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The subject of these Guidelines, “Increasing the contribution of small-scale fisheries to poverty alleviation and food security”, acknowledges that poverty and food insecurity are widespread among small-scale fishers, and that a change in the way in which fisheries are managed is necessary in order to improve the lives of small-scale fishers and fishworkers.

Poverty is a complex phenomenon involving failure to meet a range of basic human needs and the denial of options that have consequences for opportunities to live long, healthy and creative lives. Poverty in fishery-dependent communities, therefore, is not solely related to the abundance of the catch, market opportunities or the state of the resource. It is also critically dependent on how the benefits from the use of fishery and other resources are used and whether a range of basic services (e.g. in health and education) are provided.

Poverty is both partly an outcome of inadequate fisheries management (resulting in depleted fish stocks, overcapacity, etc.) and a constraint in improving fisheries management. It is a constraint because, in the context of generally poor communities, it is impossible to exclude people living on the edge of survival from fishing without creating alternative sources of food and livelihoods. Exhortations about reducing pressure on fisheries resources are futile as hungry people will choose, quite reasonably, to survive in the short-run rather than to preserve or rebuild a resource that they might not otherwise survive to benefit from. Increasing the contribution of fisheries to poverty alleviation and food security thus is an integral part of the larger challenge of development.

If management of small-scale fisheries is neglected in conditions where the demand for fisheries resources is greater than the productive capacity of the resources, then inevitably there will be a depletion of stocks and a consequent reduction in benefits accruing from fishing. Effective management of fisheries aims to move fisheries towards use of aquatic resources that will eventually approximate an economically optimal position which is inextricably tied to the biological health of the resources in question. In this way, benefits accruing from use of the fisheries resources are maximized for society as a whole. But it is equally important to ensure that there is an equitable distribution of the benefits that do accrue, resulting in an increase in the contribution made by small-scale fisheries to poverty alleviation and food security.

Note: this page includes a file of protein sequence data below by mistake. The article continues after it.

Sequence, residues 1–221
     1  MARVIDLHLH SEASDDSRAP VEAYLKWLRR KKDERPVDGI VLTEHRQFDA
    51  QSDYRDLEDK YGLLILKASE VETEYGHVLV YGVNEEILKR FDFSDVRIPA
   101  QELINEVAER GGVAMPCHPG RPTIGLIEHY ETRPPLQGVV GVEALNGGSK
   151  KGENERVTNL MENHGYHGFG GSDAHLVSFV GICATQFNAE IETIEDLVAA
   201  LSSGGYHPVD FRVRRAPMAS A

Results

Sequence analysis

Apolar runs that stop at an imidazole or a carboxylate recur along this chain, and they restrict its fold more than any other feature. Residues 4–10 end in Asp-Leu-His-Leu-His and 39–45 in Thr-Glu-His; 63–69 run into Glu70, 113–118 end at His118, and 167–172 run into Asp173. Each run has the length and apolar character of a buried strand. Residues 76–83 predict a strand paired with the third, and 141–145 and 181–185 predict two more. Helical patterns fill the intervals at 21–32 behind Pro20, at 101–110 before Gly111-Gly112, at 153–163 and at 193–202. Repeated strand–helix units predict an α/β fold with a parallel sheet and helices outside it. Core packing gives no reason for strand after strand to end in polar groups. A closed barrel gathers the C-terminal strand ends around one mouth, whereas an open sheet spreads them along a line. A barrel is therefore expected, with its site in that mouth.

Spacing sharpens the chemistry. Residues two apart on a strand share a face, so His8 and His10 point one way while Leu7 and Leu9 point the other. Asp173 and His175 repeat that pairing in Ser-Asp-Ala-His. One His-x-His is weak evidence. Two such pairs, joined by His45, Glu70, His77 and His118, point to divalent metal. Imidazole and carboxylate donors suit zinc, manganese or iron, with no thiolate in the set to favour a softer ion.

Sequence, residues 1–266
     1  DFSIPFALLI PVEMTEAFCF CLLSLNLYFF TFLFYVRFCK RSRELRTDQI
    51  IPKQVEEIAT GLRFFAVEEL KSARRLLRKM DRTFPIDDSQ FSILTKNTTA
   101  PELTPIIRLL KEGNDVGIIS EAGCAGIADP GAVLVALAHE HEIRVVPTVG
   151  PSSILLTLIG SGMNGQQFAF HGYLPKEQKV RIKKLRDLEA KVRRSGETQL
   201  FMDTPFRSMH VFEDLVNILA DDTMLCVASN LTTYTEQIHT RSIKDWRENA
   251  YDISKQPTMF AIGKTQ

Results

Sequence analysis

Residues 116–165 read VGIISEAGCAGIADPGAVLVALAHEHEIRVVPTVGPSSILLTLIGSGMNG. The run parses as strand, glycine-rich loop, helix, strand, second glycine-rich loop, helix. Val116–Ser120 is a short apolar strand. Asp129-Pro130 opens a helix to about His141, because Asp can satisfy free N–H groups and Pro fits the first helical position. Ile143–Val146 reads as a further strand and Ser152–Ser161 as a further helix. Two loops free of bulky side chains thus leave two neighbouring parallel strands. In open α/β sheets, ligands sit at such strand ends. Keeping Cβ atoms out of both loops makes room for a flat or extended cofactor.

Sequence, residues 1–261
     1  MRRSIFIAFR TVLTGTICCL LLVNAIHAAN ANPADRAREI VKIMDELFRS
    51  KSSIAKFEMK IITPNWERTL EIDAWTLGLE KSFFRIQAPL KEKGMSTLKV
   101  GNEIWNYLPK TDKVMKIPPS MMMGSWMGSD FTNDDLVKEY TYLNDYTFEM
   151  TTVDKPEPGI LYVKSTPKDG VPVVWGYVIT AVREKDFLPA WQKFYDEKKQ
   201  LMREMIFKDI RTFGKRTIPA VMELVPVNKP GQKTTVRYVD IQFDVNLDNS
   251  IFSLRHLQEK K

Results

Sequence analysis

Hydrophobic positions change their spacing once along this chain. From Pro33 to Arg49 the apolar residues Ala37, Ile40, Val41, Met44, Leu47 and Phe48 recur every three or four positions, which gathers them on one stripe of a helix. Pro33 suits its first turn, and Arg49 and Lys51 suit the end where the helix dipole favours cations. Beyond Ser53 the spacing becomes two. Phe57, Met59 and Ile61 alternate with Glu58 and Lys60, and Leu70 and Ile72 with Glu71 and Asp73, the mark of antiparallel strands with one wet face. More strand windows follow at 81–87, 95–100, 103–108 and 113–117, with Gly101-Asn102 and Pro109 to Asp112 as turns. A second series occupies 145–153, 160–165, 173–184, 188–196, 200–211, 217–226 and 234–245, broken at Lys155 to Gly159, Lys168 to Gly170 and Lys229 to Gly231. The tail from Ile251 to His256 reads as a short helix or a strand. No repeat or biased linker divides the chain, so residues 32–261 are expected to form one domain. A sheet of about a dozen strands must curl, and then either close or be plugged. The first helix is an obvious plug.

Thus optimizing benefits from the resource through effective fisheries management and ensuring an equitable distribution of those benefits are both important issues. However, these Guidelines focus principally on the distributional aspects because fisheries management has been extensively discussed in earlier FAO Fisheries Technical Guidelines for Responsible Fisheries and FAO Fisheries Technical Papers.

In the years since the Code of Conduct for Responsible Fisheries was developed, there has been a growing realization of the importance of addressing socio-economic issues, especially those relating to the small-scale subsector. About 90 percent of fishers worldwide are small-scale fishers, some 50 percent of fish used for direct human consumption is harvested by the subsector, and it provides livelihoods to millions of people in poor fishing communities. Recognizing the relationship between poverty and the sustainable use of resources, the Johannesburg Plan of Implementation of the WSSD stated that “eradicating poverty is the greatest global challenge facing the world today and an indispensable requirement for sustainable development”.1 These Guidelines seek to reflect this new emphasis and to expand on the guidance offered by the Code.

1 Johannesburg Plan of Implementation (para. 7), found at:

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